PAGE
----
If Justin Rose has proved anything in his astonishing rise up the rankings this year it is that he has at last summoned the "bounce-back" to put alongside his undoubted ability. Yesterday was like a microcosm of his still-young career – he blew a four-shot lead and then fearlessly reclaimed it again. A first Order of Merit title is now surely just 18 holes, and perhaps the odd mini-disaster, away.
Rose certainly seems up to anything those two belligerent golfing titans, Valderrama and Padraig Harrington, can throw at him today. Alas, the final grouping of the Volvo Masters will not be the head-to-head showdown most were hoping for after Simon Dyson's seven-birdie charge through the field earned him the right to appear alongside the leader. Not to say that the Irishman lost ground in his mission to retain his money-list title. Harrington started four off the pacesetter and the same gap remains, as 71s kept Rose on four under and Harrington, now in a tie for second, on level par.
But after two holes it was so much more intense. Rose began bogey, double bogey, meaning that with Harrington's birdie on the first, the Englishman's advantage had been wiped out in a few golfing instants. The 27-year-old went out there with Walter Hagen's old maxim ringing in his ears – "You're always going to make five mistakes". "Yeah, I wasted my quota in the first two holes," he laughed, being rather unfair to himself as it happens.
His opening five was down to a fractional misjudgement as his sand wedge screwedback on the green into three-putt country; on the next he only slightly overcooked an approach in the thick rough behind the flag. On both holes his driver had divided the fairways and he told himself: "Look, you're swinging it well, you're still joint leader in the tournament, so let's go on from here."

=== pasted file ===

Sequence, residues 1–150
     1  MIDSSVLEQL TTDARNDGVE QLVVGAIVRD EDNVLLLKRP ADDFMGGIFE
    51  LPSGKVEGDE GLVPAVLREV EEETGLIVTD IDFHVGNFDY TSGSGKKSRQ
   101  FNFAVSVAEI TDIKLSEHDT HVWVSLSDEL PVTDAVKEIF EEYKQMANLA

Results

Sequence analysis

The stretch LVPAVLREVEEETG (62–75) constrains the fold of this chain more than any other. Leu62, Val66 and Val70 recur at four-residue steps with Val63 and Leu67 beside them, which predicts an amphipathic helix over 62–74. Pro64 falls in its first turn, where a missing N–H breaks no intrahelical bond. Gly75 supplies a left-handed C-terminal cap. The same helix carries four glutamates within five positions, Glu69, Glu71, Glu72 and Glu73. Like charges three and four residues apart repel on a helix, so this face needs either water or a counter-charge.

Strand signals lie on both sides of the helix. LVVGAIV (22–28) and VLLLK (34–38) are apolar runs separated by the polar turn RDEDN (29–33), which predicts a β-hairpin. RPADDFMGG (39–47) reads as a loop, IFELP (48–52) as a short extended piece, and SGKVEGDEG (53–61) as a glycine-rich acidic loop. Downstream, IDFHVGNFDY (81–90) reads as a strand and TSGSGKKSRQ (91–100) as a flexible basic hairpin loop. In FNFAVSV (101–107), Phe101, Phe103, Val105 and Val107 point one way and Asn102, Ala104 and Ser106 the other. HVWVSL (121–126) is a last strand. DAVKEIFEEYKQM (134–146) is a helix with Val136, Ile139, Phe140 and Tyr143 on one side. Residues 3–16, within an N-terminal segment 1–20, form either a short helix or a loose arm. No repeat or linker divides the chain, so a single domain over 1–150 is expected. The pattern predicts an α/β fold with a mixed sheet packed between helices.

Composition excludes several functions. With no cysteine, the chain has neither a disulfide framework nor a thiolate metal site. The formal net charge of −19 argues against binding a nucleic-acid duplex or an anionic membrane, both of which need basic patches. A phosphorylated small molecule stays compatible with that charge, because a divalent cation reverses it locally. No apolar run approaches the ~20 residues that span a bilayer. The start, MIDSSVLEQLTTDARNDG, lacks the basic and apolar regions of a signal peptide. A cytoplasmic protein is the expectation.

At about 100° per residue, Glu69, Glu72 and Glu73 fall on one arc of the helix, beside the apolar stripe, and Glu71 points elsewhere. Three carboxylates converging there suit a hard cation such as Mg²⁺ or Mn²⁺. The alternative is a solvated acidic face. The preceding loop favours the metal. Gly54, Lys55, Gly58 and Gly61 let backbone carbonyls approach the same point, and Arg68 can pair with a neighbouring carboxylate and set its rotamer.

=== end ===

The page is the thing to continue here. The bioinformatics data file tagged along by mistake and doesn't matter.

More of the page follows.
"A couple of years ago I probably wouldn't have seen it that clearly. I would have been frustrated. I would have panicked." And so the cool comeback began, first with a run of pars to steady his ship and then with three birdies in four holes from the eighth to whip the wind back into his sails.
What was most impressive about it all was not just the proximity of Harrington, but also of a rapidly closing field. Names of the calibre of Colin Montgomerie, Ian Poulter, Dyson and Graeme McDowell had appeared on the scoreboards, but Rose was imper-vious. "My caddie said to me, 'Listen, sometimes you're good when your back's against the wall'. It was a question of grinding."
Time and again this season, Rose has recovered from doublebogeys and worse to get straight back into it with rapid-response birdies. Nick Bradley, the coach for whom he turned his back on David Leadbetter last year, has undeniably helped in this regard, imbuing in his charge a mental toughness and self-belief that is not at all natural in this genuinelynice bloke.
Such a new-found conviction has already taken Rose to heights in the rankings he could barely have dreamt of, and his first victory of 2007 today would haul him so far into wonderland as to make the very summit suddenlyvisible. When the revised lists are published tomorrow he could not only figure in the top six, but also as the leading European.
"My goal at the start of the year was to make the top 20," he said. "So anything like that would be well above my expectations. There's plenty to play for in the last round."
You could say that. A near- £500,000 first prize for one thing, and even if Dyson can slip under the radar to deny his close friend, second or even third could give Rose the Order of Merit. Ernie Els, the absent money-list leader, must surely have given up the ghost of hanging on, which might not be a bad thing, considering all the furore caused by the South African's appearance in the Singapore Open. That decision created a somewhat bitter atmosphere to the start of this, the 20th Volvo Masters, but that has been rectified by the battle between Rose and Harrington.
It is still a long way from over, although Harrington did confess how impressed he was by his playing partner's recovery. "It was a fine return to shoot level par after that start," said the Open champion. "The advantage is with him."